Except for November throwback and the two announcements for the calendar and holiday sales, it’s been a bit quiet on the blog here in the last ten days or so, I know! It’s the busy time of the year: when I wasn’t out solving Lightroom and photo workflow puzzles for and with my clients, I was hectically running errands to get all the ingredients for a small get-together with friends at our house that came together more or less at the last minute, for Thanksgiving. :)

And now that all this is over, I’m taking a little breather, a sip of single malt whisky after the second turkey dinner (as usual, there’s just too many leftovers, despite the fact that we gave some to our friends already), and I’m returning to some serene photos, continuing with story and images from our August 2021 trip.

I’m skipping ahead in the timeline a little bit, with two photos from Asilomar State Beach, where we ended up going for “sunset”, on the evening of August 28, after driving from Baywood to Monterey via Highway 1 and the Big Sur coast. Sunset is in quote marks because, as you can see, it didn’t really happen in the sense that there’d be some “special” color and/or light…

It was nicely overcast, grey and drizzly instead, like it had been quite reliable so far on the immediate coast, during our trip — and Asilomar State Beach, at the north-western part of the Monterey peninsula, stuck its coastal features pretty deep into the marine layer that evening. :) Now these are conditions that I absolutely do not mind making photos in, but just like at our (more recent) morning visit to the tide pools of Hospital Point with my photo club, it was necessary to constantly wipe the front element of the lens, to make sure that as little as possible water droplets would accumulate there…

We had been to this coastal landscape before: in September 2013 we drove 17-Mile Drive, in the southern part of the Monterey peninsula. Back then, the conditions were quite nice — hazy but dry, which worked well for long exposures. I was very fond of the coastal rocks there, because we have nothing like those down here in San Diego, so on the return visit, I was looking forward to work more in this scenery, and with long exposures again.

The two frames below make me quite happy:

It’s in the nature of long exposures somehow that they are long: both images are two-minute long exposures which, together with the dark frame subtraction, finding a good camera position, drizzle-wiping etc., easily consume 10 minutes each… so in the remaining light of the day I did not manage to work the scenery nearly as long as I would have liked*. For a return visit in the near future, I’m keeping my fingers crossed for overcast or hazy, and a little less drizzle… ;)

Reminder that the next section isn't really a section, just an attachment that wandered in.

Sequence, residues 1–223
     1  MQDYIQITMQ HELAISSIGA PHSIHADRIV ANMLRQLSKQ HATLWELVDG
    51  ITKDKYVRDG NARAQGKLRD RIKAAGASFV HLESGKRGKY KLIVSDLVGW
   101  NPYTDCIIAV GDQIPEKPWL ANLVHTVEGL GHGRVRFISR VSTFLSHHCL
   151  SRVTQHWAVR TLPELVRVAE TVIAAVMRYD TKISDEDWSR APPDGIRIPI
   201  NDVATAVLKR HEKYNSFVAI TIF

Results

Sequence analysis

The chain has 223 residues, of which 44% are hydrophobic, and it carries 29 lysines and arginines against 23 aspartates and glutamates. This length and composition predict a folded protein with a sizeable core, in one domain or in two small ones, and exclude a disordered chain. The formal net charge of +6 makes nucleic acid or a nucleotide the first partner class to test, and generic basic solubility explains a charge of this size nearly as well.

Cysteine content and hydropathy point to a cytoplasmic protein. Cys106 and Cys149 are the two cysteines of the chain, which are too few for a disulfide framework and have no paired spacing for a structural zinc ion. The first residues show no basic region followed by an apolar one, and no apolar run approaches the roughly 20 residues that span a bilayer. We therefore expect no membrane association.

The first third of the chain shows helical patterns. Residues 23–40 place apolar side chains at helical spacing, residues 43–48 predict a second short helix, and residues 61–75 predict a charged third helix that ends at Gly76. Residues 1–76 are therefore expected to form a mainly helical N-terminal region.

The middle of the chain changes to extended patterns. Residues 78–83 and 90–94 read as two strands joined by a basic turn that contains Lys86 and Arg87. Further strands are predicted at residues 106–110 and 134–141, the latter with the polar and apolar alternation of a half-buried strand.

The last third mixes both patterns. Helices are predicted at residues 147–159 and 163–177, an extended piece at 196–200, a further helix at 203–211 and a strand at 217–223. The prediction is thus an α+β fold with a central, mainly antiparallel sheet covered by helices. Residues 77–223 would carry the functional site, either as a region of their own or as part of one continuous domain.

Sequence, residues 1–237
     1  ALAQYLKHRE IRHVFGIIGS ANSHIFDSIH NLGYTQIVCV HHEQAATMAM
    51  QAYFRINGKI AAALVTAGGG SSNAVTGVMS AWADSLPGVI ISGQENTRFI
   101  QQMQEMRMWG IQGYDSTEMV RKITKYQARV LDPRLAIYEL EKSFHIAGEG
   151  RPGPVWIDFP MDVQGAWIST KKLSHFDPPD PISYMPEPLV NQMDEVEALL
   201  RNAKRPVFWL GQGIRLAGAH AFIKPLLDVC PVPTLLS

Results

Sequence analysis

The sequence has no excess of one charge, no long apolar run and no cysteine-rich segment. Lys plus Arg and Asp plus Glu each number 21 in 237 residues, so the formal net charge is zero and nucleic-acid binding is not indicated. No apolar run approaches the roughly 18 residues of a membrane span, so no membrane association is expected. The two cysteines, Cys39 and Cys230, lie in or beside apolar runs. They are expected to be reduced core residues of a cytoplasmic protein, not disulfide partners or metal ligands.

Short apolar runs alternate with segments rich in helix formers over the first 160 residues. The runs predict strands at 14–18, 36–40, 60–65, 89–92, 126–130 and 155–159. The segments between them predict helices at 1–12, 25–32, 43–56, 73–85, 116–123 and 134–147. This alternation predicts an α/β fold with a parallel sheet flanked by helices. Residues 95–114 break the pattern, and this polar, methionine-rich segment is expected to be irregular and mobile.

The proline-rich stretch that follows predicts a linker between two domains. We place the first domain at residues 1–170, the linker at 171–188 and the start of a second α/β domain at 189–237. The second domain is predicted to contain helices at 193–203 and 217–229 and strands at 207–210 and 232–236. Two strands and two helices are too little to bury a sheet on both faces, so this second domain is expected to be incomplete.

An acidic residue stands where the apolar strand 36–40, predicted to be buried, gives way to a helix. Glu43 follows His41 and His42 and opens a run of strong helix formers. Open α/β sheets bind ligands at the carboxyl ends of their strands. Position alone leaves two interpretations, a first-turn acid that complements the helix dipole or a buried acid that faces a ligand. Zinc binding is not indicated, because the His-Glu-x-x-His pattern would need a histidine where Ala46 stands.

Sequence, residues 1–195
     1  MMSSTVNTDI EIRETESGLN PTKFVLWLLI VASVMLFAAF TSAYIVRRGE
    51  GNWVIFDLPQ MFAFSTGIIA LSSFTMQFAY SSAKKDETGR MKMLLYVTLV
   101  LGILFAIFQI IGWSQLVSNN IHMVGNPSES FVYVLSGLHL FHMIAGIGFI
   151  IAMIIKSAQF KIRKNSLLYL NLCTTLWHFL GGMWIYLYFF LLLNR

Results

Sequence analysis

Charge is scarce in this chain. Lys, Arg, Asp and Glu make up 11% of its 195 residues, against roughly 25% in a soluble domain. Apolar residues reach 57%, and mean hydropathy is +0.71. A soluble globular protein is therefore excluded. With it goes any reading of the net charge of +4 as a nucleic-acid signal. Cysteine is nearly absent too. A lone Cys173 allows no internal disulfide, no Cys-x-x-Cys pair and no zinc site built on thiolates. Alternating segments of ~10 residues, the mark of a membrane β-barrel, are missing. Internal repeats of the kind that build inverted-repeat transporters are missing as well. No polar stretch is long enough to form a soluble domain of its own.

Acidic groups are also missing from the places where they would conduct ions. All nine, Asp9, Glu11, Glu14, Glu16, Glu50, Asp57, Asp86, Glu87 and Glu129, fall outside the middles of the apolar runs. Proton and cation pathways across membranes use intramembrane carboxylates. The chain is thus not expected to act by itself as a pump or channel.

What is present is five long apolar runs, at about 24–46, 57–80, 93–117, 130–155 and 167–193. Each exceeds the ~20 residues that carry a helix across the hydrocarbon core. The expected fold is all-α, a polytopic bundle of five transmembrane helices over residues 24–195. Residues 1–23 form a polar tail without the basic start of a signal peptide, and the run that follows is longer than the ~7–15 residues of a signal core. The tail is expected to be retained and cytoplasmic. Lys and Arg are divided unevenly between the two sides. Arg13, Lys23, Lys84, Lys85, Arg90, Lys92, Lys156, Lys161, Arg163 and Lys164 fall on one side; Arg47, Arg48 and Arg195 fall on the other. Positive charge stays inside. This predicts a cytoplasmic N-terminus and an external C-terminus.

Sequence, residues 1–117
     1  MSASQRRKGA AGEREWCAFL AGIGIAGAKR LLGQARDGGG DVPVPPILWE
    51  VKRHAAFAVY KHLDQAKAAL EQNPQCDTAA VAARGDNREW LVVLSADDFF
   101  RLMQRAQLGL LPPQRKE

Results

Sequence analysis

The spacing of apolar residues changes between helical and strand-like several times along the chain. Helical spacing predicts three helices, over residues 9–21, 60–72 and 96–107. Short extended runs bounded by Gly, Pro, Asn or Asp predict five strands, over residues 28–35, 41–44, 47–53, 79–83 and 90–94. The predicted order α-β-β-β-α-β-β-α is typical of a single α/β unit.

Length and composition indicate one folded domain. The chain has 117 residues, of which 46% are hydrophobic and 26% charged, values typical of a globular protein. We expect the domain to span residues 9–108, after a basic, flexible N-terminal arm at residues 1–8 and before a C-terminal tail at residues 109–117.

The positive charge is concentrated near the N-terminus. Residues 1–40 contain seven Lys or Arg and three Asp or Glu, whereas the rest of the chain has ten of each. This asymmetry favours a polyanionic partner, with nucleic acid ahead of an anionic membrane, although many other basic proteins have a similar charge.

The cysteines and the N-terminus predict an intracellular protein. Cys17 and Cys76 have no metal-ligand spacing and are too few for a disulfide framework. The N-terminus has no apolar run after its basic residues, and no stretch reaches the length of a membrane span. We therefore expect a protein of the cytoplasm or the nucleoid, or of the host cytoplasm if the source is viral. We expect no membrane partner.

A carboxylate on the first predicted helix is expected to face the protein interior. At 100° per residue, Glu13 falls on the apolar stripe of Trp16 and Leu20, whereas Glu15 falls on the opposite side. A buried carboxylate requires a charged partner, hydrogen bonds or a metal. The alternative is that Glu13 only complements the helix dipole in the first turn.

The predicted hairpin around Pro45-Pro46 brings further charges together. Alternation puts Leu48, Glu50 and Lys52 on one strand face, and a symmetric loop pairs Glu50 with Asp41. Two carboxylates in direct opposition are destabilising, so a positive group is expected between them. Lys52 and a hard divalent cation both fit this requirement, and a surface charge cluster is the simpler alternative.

Speaking of the busy time of the year, if you missed yesterday’s “Black Friday” discount with 25% off of wall art in my print-on-demand store (because you’ve been busy shopping those Black Friday deals… or perhaps getting away from it all!) you’ll get another chance on “Cyber” Monday, November 29. I’ve put a fancy banner in the store as a reminder. ;)

*) a belly full of nice German food from the “Stammtisch” restaurant that Shuwen had of course somehow found there may have caused a further slowdown… :P

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8 thoughts on “Asilomar”

  1. I envy anyone able to have patience with such long exposures and mist (and in particular perhaps salty mist). I have had more than a few images ruined by my own lack of diligence in keeping an eye on that part.

    Love the photos. The rocks look rather “clean” of tide pool life. Is it just a characteristic of this beach?

    • Thanks, Mark. I’m surprised that you would say you lack the patience for long exposures — didn’t you just do more than a dozen focus stacked images for your “Leaf Creatures” series? ;-)

      The tide pool life… I don’t recall what the tide was like but most of the rocks are protruding from the water permanently; in the second image you can see the cover of algae on the rocks a little bit, which is where the intertidal zone really begins I think.

  2. I love the first one! Beautiful look and the two veins on the rocks add pleasing abstract leading lines.


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